Updated: Jun 23
By Caroline DiNapoli.
I will not address you by your title. You can criticize me for being unpatriotic, but since this letter is about honesty and raw emotion, I will tell you that right now I am not proud to be an American. This is a sentiment that planted its seed in November of 2016. It grew its roots this past semester as you prioritized economic wellbeing over the health of our country’s citizens, and its plant is flourishing as you continue to fail to respond to the institutionalized racism and discrimination that plagues our nation. We are fighting not one but two sicknesses: a disease that has barreled across the states showing no mercy and no discrimination, and a cancer that is deeply rooted in our bones. We are fighting two sicknesses that you have continuously failed to address with the severity and seriousness that they demand. So, for this reason and many others I will not address you by your title, because you are not my president. My president is kind, he/she is someone who has so much love for the citizens of our country that it is palpable through the TV screen. My president is informed, he/she listens to and implements the opinions of experts and is grateful for the support and help they receive. My president is humble, he/she is able to admit when they are wrong and not let pride get the better of them. My president embodies so many traits that you lack but most importantly my president is courageous. He/she has the courage to make fundamental and controversial changes that are going to push us as a nation to be better. And he/she will do this with no question of how it will benefit their own lives and without the concern of reelection. “Problem” seems like too little of a word to embody this situation, but for simplicity I will say that I know racism has been a problem long before you were president. But there is something about you that brings out the ugliest side of this country. I don’t even want to watch the news anymore because I get so deeply saddened and disgusted every time I hear of another one of the ways you are moving this country backwards. I cannot wrap my mind around the nonsensical sentences that come out of your mouth, sentences of hate and malice and privilege. Do you recognize your privilege? Because I don’t think you do. In fact, that is something I’m pretty positive of, because you have yet to prove that you can listen to the concerns and pleas of your constituents. But guess what, the voices are rising, do you hear them yet? When I was on my run this morning (something I will no longer do without thinking of Ahmaud Arbery and how privileged I am that I can run and feel safe) the song “Do you hear the people sing” from Les Mis came on and I had to stop. I was crying and so overcome with emotion that I couldn’t get enough air in my lungs. That song resonated with what I had been seeing with the riots in my home city. So, I ask again, are you listening? Have you stepped out of the confines of your big white house to really listen to the people of the country that you are “leading”? Because they aren’t just singing anymore, they are belting out with every fiber of their being a song that screams of anguish and oppression. This song is a fire that started long ago but is one that you have fed with every character of your tweets and every heinous remark that you have verbally vomited on a global stage.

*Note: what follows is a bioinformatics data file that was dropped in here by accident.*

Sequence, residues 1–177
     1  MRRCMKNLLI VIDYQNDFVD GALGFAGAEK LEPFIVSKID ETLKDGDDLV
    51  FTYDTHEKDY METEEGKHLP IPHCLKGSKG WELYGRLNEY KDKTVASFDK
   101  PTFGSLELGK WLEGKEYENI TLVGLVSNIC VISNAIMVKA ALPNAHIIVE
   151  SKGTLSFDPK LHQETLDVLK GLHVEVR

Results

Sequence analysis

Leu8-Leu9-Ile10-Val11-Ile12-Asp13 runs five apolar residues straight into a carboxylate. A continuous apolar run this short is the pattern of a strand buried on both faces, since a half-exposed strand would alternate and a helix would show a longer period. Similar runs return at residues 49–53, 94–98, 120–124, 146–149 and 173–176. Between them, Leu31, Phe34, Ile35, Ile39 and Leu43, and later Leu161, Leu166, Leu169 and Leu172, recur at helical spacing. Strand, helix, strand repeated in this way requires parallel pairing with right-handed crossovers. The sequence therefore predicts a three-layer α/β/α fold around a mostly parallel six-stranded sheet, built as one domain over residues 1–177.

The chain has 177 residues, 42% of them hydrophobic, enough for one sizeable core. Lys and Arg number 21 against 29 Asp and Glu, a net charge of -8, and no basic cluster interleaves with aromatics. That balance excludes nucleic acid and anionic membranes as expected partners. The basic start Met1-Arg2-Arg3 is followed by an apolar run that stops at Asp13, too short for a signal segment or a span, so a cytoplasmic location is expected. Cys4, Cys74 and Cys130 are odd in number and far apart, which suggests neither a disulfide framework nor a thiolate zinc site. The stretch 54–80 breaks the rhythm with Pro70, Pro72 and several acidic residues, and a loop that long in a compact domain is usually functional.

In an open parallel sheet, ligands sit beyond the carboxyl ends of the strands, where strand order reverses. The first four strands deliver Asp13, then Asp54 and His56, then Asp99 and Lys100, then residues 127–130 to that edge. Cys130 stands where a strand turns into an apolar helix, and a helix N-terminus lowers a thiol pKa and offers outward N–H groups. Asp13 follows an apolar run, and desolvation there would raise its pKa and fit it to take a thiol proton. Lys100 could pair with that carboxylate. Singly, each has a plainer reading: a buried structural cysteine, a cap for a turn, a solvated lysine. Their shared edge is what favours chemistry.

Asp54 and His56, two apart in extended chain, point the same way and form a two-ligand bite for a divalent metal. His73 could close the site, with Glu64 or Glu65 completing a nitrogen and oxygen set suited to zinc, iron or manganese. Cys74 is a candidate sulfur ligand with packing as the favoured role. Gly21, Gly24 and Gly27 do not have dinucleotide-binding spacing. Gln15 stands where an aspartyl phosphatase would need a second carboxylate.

Now to end this letter, I am going to turn my attention away from you to talk to people who are undeniably more deserving of it. To the men and women of color, and more specifically to the members of the black community that are reading this, I am here for you. I may never know your pain, but I am listening, and I am eager to learn. I am educating myself so I can spread this knowledge to those around me and continue to share your story. I am fighting with you. I am mourning with you and I am crying with you. But most importantly, I am singing with you. And every note is coming from the deepest part of love in my heart, because you matter.
An Active Ally